One barrel, one bourbon
For the longest time, Bourbon and I had a May-December relationship: We got together for the Kentucky Derby in springtime and for eggnog at the holidays. Since the allure in either season was only high proof and aggressive flavor, any Bourbon would do. What was good enough for old grand-dad was good enough for me.
But in the last few years, the original American whiskey has literally come of age. The potent old mainstays with backwoodsy names along the lines of Wild Turkey and Rebel Yell can still be found, but these days they are being increasingly crowded by new variations designed to elevate Bourbon to connoisseur status, with lineage-evoking labels like Elijah Craig and Kentucky Spirit.
In this age of microdistilling, these are what are known as single-barrel Bourbons. They’re serious whiskeys that are even more handcrafted than those in the last big trend, small-batch Bourbons. Many even boast a vintage on the label.
These “newer” — but actually older — Bourbons are far too good to cut with eggnog. They demand the same attention as a fine Cognac, and they’ll command the same respect. The best of them has a mouth-filling headiness, a smooth and sweet caramel base overlaid with almost pepperiness, not to mention a decided oakiness from the barrels they age in. Like all great spirits, they engage all senses, particularly smell and sight.
They’re meant for sipping at the end of a festive meal. But as barroom connoisseurship devolves into one-upmanship, they are beginning to turn up in cocktails as well. If high-end vodkas can get lost in the Cosmos, why not show off $40-a-bottle single-barrel Bourbon in a Manhattan?
Most important right now, with the calendar counting down, single-barrel Bourbons make a jazzy gift, too. If the flavor weren’t so sensational, the bottles alone would make them stand out. Not one has a screw top, for starters. Most are as heavy as crystal and flaunt their Bluegrass origins (a little metal horse and jockey on a stopper, for instance).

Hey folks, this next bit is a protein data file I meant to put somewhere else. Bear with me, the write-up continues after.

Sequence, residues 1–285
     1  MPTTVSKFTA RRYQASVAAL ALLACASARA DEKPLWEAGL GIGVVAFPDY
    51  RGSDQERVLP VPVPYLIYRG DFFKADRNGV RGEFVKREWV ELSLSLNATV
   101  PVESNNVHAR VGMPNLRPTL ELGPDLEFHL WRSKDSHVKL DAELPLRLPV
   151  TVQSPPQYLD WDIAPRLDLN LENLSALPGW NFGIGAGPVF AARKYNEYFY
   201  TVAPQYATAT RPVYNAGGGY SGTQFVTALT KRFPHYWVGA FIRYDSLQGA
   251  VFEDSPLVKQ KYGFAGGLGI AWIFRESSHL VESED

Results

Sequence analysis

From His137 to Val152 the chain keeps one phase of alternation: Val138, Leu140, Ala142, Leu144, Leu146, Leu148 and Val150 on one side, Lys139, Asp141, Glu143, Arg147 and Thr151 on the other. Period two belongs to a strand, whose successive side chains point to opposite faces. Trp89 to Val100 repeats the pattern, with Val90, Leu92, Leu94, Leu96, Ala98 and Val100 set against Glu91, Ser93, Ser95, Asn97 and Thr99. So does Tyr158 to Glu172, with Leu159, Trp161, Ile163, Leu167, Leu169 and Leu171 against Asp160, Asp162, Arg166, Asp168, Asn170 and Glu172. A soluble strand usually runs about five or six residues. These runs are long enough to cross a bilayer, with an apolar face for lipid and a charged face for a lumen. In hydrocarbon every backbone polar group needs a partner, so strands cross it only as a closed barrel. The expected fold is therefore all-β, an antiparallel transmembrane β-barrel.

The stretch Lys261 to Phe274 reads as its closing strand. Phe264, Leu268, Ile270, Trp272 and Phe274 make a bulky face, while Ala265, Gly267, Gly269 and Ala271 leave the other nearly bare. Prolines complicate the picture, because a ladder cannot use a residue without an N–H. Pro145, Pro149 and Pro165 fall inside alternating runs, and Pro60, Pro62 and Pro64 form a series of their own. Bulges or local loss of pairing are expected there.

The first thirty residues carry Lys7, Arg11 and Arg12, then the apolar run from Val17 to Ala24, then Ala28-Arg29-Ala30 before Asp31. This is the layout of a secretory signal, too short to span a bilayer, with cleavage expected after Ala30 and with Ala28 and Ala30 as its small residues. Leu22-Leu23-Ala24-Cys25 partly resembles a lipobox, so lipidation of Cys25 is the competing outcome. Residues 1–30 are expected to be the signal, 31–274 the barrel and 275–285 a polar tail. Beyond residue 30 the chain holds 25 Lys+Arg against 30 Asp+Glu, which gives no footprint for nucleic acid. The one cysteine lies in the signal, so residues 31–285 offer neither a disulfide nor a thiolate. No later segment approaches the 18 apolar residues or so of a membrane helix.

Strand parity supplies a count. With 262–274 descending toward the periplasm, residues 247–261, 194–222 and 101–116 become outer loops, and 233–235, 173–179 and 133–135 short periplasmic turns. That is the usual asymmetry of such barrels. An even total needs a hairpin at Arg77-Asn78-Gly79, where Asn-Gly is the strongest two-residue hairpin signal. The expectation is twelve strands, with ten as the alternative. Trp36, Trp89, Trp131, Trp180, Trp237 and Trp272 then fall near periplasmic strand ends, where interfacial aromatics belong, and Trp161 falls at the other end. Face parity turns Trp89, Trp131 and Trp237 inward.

Just how radically Bourbon has evolved came clear to me when I opened an old Kentucky favorite, along with the new Elijah Craig single-barrel Bourbon. Both Heaven Hill and the 18-year-old Elijah Craig are produced by the same company based in Bardstown (Stephen Foster’s old “home”) whose distillery I toured way back in 1977. But they could not be more different.
Heaven Hill is, to put it bluntly, one step above paint thinner: watery but pungent, with more fire in your throat than caramel on your tongue. Elijah Craig — named for the preacher who produced the very first Bourbon, in 1789 — is buttery but edgy, with burnt-sugar undertones and an aroma that is anything but nose-singeing. I would serve it in place of Cognac any time. Elijah Craig is the best of the single-barrel Bourbons I’ve tasted. Not surprisingly, the distiller contends it’s also the most aged of any on the market, at 18 years in charred oak (or, as the marketers put it, “72 seasons”).
For anyone whose gold standard of Bourbon is top-selling Maker’s Mark, single-barrel Bourbons may be a bit of an acquired taste. They’re much more powerful on the palate. Maker’s, produced the same way since 1953, remains the quintessential smooth Bourbon, neither overly sweet nor extremely challenging. There’s nothing more accommodating for mixing with anything from festive mint syrup to plain old Coke. Like the best of the mainstream Bourbons, Maker’s Mark is blended from an array of barrels of whiskey; point of origin is less important than final flavor.